Tectonic evolution of the southwestern margin of Pangea and its global implications: Evidence from the mid Permian–Triassic magmatism along the Chilean-Argentine border
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The tectonic evolution of the southwestern margin of Pangea supercontinent is represented by the extensive late Paleozoic–Triassic magmatism along the southwestern margin of South America, including the Chilean Frontal Andes batholiths as part of the Choiyoi province. Several models have proposed cessation of subduction as the reason behind the vast amounts of felsic magmatism and apparent lack of typical arc magmas. Here, new U-Pb in zircon ages, and geochemical and isotope analyses (Rb-Sr, Sm-Nd, Re-Os) indicate that mid Permian–Triassic granitic magmatism originated in a subduction-related extensional setting (slab rollback). Subduction and anatexis of lower continental crust were the main magma-generation mechanisms, the latter caused by asthenospheric upwelling, decompression and subsequent accumulation of underplated basalts. A comparison with coeval igneous units along the Chilean-Argentine border allows extension of this model from at least 21° to 40°S. The key elements triggering slab rollback are low subduction plate velocities and convergence rates, which can be attributed to the assembly of Pangea supercontinent (mid Permian–Triassic). Therefore, subduction of the oceanic plate beneath South America has been a continuous process from early Paleozoic times onwards—rather than having a period without subduction before the onset of the Andean cycle as previous models have invoked. New geochronological constraints indicate that the peak of the voluminous crustal-derived magmatism and related explosive volcanism (Choiyoi province) was contemporaneous with the emplacement of the Emeishan and Siberian Traps LIPs, potentially conditioning the Earth system for the environmental collapse and biotic crises related to those LIPs. The observed tectonic changes, magmatism and related environmental implications could potentially be linked to the assembly of Pangea supercontinent.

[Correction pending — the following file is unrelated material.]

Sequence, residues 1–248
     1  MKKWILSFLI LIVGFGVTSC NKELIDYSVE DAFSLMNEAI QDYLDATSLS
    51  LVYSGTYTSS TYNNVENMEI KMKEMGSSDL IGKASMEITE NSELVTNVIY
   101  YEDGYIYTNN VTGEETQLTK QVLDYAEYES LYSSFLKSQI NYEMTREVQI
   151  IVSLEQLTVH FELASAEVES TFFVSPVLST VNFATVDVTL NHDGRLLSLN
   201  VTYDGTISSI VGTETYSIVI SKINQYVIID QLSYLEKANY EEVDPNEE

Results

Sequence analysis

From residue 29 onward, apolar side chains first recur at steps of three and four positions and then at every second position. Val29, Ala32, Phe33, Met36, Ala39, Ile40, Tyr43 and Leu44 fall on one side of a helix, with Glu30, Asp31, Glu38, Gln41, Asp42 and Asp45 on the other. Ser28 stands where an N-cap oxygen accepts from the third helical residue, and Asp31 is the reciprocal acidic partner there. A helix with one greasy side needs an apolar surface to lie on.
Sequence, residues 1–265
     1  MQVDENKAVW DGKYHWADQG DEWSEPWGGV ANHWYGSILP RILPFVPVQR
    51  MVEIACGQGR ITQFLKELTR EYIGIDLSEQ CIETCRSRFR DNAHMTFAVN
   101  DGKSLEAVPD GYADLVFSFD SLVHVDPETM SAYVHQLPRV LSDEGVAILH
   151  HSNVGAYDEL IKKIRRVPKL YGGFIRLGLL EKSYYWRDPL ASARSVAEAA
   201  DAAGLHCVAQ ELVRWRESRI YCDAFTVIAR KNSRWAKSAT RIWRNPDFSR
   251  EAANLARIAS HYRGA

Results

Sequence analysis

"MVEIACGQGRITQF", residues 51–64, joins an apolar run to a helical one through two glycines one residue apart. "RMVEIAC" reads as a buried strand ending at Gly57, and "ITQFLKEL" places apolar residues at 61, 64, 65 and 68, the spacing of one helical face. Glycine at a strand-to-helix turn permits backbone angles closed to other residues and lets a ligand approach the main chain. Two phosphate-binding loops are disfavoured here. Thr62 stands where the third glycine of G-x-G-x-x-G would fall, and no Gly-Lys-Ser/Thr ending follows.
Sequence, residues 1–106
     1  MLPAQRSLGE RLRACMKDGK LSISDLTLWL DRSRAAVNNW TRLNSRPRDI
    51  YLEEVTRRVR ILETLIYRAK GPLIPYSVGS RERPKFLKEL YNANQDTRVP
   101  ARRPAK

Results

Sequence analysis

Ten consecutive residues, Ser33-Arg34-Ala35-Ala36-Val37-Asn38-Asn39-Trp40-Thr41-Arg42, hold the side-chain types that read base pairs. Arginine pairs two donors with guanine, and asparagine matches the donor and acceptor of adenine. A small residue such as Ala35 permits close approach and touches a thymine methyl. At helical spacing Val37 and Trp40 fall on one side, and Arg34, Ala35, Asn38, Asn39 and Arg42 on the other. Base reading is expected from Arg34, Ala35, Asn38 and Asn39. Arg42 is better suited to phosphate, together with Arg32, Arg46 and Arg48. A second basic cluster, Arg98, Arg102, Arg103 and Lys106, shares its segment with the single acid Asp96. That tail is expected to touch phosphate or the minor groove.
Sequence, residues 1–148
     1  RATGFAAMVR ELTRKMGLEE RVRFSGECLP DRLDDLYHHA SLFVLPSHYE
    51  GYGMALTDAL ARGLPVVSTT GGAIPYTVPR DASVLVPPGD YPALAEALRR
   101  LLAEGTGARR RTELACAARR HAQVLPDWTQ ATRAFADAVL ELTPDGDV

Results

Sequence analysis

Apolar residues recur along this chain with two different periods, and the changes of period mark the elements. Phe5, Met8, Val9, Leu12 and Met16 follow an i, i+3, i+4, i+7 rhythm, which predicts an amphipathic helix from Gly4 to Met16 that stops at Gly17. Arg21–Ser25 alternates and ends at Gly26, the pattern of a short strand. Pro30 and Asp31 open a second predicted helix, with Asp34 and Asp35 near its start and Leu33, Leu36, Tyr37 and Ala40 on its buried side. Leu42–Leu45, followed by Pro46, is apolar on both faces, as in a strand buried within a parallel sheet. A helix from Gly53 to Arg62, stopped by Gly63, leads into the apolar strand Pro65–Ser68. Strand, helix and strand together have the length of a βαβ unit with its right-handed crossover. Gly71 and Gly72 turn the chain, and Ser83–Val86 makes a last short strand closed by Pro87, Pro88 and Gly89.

|Number of pages||18|
|Publication status||Published - 2019|